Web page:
But it’s also clear her husband had a large following, especially among the military. Fear of his following reportedly led to communist officials uniting to oust him, just as they prepared for a once-in-a-decade meeting to appoint new senior leaders. Until these events, Bo Xilai was expected to become even more influential after that.

Chinese leaders’ salaries are not extravagant and there have been questions about how Bo managed to fund the expensive Western schooling and lifestyle for his son, Bo Guagua, who also studied at Oxford university and is enrolled at Harvard. Bo said in March the schools were funded by scholarships. The sources said there had been no sign of any dispute between Gu and Heywood until October and November when the argument over funds began. The lack of a paper trail made it difficult for police to determine how much money was involved, they added.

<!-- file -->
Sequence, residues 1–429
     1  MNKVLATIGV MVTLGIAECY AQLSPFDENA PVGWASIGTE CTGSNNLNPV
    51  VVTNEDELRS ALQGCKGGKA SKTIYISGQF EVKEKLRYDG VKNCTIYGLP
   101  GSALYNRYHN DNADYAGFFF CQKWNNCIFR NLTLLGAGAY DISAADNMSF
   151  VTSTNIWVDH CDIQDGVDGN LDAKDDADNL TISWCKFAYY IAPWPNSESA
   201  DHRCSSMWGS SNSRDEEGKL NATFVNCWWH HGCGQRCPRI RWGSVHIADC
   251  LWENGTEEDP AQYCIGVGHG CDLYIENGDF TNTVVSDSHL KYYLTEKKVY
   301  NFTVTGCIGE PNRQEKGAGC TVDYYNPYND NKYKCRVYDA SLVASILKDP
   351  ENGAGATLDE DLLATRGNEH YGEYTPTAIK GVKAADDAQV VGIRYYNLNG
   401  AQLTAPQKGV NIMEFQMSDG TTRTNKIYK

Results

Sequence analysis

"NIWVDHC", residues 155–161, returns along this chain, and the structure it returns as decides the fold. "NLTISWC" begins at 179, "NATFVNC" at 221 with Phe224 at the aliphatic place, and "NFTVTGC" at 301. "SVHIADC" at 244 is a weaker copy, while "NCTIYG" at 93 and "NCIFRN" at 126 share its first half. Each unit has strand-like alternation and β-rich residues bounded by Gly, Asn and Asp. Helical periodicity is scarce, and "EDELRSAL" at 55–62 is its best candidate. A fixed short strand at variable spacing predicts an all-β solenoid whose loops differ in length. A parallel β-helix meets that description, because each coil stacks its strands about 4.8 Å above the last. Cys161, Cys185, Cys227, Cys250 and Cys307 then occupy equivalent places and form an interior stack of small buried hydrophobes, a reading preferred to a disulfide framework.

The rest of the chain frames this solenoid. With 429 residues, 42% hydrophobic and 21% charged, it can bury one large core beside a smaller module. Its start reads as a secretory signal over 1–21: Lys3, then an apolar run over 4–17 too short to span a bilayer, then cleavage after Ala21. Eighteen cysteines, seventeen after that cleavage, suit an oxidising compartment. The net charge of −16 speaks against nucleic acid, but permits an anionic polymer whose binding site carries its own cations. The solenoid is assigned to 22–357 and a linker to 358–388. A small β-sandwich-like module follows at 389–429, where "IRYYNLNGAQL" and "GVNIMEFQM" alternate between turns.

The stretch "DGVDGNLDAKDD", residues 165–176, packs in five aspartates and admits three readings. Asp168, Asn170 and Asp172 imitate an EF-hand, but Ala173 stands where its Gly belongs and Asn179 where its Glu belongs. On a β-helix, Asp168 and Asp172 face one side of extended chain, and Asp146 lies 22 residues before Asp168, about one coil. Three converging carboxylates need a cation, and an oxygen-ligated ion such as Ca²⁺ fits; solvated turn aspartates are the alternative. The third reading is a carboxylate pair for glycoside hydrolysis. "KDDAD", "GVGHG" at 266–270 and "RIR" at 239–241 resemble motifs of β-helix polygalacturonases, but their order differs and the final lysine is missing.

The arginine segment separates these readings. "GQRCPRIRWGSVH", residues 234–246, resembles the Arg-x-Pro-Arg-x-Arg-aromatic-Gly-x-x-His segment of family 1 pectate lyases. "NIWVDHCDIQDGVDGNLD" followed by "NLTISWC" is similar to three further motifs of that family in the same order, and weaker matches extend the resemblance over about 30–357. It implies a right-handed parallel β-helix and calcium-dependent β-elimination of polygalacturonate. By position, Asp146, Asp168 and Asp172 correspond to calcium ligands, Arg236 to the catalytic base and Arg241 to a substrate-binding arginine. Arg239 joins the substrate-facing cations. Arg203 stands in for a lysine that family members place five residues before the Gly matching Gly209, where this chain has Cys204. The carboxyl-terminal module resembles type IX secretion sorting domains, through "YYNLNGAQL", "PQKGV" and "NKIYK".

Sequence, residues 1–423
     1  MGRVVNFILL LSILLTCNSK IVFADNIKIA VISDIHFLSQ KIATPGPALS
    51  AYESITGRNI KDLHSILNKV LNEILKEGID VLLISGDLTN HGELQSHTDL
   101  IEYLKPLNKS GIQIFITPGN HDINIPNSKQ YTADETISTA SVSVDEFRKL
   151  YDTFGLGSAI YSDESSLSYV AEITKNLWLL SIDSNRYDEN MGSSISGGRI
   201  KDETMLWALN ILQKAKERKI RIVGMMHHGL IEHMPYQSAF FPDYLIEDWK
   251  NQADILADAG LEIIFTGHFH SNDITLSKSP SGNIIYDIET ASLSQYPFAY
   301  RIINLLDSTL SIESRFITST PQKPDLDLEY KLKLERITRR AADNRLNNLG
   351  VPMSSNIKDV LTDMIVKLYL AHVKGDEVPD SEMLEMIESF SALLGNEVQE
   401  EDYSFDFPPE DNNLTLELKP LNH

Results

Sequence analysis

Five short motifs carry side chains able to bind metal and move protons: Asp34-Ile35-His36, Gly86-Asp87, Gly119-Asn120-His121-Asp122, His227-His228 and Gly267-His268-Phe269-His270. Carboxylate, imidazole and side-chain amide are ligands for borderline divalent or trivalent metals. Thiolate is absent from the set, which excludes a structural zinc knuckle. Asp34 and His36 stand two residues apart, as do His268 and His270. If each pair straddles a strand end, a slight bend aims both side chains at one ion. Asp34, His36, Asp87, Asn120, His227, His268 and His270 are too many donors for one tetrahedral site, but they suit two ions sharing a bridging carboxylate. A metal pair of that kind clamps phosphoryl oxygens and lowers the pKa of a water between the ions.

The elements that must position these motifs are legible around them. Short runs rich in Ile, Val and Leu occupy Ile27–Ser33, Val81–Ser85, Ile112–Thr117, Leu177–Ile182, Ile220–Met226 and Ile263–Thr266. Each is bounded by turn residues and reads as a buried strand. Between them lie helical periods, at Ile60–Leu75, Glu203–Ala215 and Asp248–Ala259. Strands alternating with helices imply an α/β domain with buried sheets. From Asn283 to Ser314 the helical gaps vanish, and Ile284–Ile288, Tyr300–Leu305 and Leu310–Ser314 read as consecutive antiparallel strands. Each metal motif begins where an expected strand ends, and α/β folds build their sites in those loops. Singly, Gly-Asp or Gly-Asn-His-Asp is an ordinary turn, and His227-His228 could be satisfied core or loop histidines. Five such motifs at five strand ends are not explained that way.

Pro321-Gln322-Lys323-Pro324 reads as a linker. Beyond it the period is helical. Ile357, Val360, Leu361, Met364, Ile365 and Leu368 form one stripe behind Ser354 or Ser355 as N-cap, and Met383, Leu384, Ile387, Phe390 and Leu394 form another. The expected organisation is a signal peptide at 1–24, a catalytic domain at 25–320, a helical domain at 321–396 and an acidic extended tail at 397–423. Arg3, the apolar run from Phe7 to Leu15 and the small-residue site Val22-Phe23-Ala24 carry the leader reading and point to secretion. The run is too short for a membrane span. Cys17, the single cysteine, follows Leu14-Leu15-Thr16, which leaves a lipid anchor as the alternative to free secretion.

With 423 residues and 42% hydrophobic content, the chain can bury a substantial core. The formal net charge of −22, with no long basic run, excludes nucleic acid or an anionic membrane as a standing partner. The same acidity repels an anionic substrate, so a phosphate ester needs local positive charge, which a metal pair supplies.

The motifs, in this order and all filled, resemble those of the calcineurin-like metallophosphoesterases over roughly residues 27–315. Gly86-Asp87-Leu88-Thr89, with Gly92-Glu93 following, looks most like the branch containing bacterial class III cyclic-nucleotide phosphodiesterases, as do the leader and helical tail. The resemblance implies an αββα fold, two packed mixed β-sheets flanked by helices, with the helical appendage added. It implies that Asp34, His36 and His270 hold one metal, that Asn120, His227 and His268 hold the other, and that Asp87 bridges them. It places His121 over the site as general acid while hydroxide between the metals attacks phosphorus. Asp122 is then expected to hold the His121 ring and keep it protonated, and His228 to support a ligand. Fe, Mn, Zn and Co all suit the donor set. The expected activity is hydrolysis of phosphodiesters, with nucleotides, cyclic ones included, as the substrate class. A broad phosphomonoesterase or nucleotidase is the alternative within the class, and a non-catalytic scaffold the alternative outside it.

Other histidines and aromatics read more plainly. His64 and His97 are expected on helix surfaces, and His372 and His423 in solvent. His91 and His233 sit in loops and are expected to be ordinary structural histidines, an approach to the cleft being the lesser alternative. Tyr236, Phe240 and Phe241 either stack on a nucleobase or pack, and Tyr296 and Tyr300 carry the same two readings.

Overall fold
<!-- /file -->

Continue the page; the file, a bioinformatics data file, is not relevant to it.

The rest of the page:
One thing that makes it interesting is that Bo was on the left of the Communist Party and was said to be focused on fighting corruption and addressing a growing imbalance of wealth in China. As the leadership and other influential officials accumulate ever more wealth, the people to whom the Republic supposedly belongs are left behind. Was that the real Bo Xixai, or was he engaged in the same sort of corruption, leading him and his wife to try and get money out of the country?